Sad state of affairs, reviewing any Bruce Willis film these days. You sit with pen poised, waiting to hear if they give him a single line of dialogue.
He’s going out with a quickie “instant” trilogy, most of which won’t make it into a theater near you. Did you miss “Detective Knight: Rogue?” Me, too. But “Detective Knight: Redemption” is now upon us, so let’s accentuate the positive. For a bit, anyway.
Hand it to Aussie writer-director Edward Drake. He made “Gasoline Alley,” “American Siege,” “Cosmic Sin” and these three “Detective Knight” films (“Detective Knight: Independence” is due out next year) with Willis in his fading aphasia years. He’s getting the hang of how to make use of an iconic actor with a serious language disorder.
“Presence” counts for something. So Drake emphasizes that.
Willis, whose LA cop character went “Rogue” in the first film and shot up a lot of folks, is seen in prison at the beginning of this, the middle film of the trilogy. He doesn’t have a line for the film’s first 26 minutes.
His one-liners — when they come — are pithy, short and if necessary, pieced together from different takes.
“I killed bad guys. It was a good day,” he says to the NYPD captain (Miranda Edwards) who comes to ask for his help with a murderous gang of ex-con bank robbers terrorizing The Big Apple over the holidays. “I own what I did.”
He was “inside” and met the leader of that prison gang, the messianic Conlan (Paul Johansson of TV’s “Van Helsing”). Maybe he can…help her and NYPD out? Knight has some thoughts, and Captain Shaye isn’t going to like them.
“You said to ‘do whatever it takes.’ This is what it takes.”
We can see some of the work-arounds and accommodations made to Willis as this film plays out — his character masked so that somebody else can do a stunt or three — tossing a grenade, for instance. Every actor he shares a scene with does almost all of the talking, with Willis’ Knight feigning interest or contempt, depending on the situation.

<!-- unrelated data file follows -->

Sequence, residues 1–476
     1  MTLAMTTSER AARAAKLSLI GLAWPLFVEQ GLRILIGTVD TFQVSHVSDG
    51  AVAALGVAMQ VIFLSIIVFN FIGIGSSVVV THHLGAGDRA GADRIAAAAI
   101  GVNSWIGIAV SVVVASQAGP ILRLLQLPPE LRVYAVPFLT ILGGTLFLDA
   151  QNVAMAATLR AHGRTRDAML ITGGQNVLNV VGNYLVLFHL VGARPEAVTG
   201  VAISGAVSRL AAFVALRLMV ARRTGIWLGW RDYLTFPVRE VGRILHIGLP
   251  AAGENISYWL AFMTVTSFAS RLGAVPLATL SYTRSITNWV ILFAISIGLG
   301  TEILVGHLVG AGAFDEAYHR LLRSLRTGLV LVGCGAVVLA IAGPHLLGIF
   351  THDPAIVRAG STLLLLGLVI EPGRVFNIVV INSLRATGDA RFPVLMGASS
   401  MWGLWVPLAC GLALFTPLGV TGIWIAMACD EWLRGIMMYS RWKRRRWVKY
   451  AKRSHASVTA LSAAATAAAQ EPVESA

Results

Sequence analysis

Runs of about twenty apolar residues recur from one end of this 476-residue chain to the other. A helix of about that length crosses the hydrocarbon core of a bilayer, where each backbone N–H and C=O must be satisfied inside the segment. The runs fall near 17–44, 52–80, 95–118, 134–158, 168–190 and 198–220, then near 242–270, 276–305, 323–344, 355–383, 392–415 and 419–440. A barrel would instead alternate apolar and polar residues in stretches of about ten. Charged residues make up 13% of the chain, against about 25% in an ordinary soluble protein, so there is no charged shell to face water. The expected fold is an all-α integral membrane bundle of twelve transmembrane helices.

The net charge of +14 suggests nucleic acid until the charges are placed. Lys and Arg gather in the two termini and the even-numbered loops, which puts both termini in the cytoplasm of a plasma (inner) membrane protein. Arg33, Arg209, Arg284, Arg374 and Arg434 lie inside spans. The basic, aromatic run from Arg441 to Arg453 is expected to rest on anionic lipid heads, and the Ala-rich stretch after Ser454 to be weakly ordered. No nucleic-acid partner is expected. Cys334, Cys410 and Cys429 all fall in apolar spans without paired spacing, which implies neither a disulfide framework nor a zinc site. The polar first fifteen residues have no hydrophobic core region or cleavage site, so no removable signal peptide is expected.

Spare your “name” star so he’ll have enough in him to threaten to “shove a Christmas tree” just where a Bruce Willis character would shove it.
The movie piled-up around this deference and accommodation? It’s kind of “Die Hard” meets “Dark Knight,” bleak and bloody and political, with some wingnutty cultish craziness, cop worship and corrupt politicians not worth the badge these “desecrate the oath” types wear.
In a story told out-of-order, Johannson plays an ex-con and prison chaplain who busts out scores of inmates that he can dress in Santa suits with blood-stained Santa masks to go on his crime crusade attacking “corporate” Christmas and “the one percent” in New York’s banks, “Where you worship your money,” he preaches at the trapped hostages.
One of the escapees is the guy (Beau Mirchoff) who shot Knight’s partner (Lochlyn Munro) in “Detective Knight: Rogue,” who is now on the case, even though he is still LAPD and even though he’s now in a wheelchair.
Rhodes, the convict who shot him, has a wife and kid, which makes him…sympathetic?
The gangsters are “the Real Saints of Christmas,” murderous goons who kill guards, hostages and bystanders in a comic-book-sized slaughter spree that might bring the city to its knees.
Your move, Knight.
I liked seeing how this film was conjured out of everything Willis can still manage to pull off. The preaching and speechifying around him gets WAY out of hand, but Johansson needed to go over-the-top, to flesh out a movie around a star who is still charismatic but who can’t really deliver the goods or carry a film any more.
But there’s no sugar-coating how much of a comedown these films are, or the fact that Willis has been churning out these godawful B-pictures for 15 years, now.
It’d be nice if his handlers and family had found him something more bittersweet and smart, and not violent and crypto-fascist, for him to use as his curtain calls. That wouldn’t have been on-brand, wouldn’t have been “him” and would not have attracted his aged, shrunken reactionary fan-base.
Ask Mel Gibson how this sort of diminished stature works in an aged-out action star.
One just hopes The Once and Future John McClane was well-compensated, and that his retirement is as comfortable as he’s earned, even if this is nobody’s idea of “Redemption.”
Rating: R for violence, language throughout and a sexual reference
Cast: Bruce Willis, Paul Johansson, Miranda Edwards, Lochlyn Munro, John Cassini and Beau Mirchoff.
Credits: Scripted and directed by Edward Drake. A Lionsgate release.
Running time: 1:38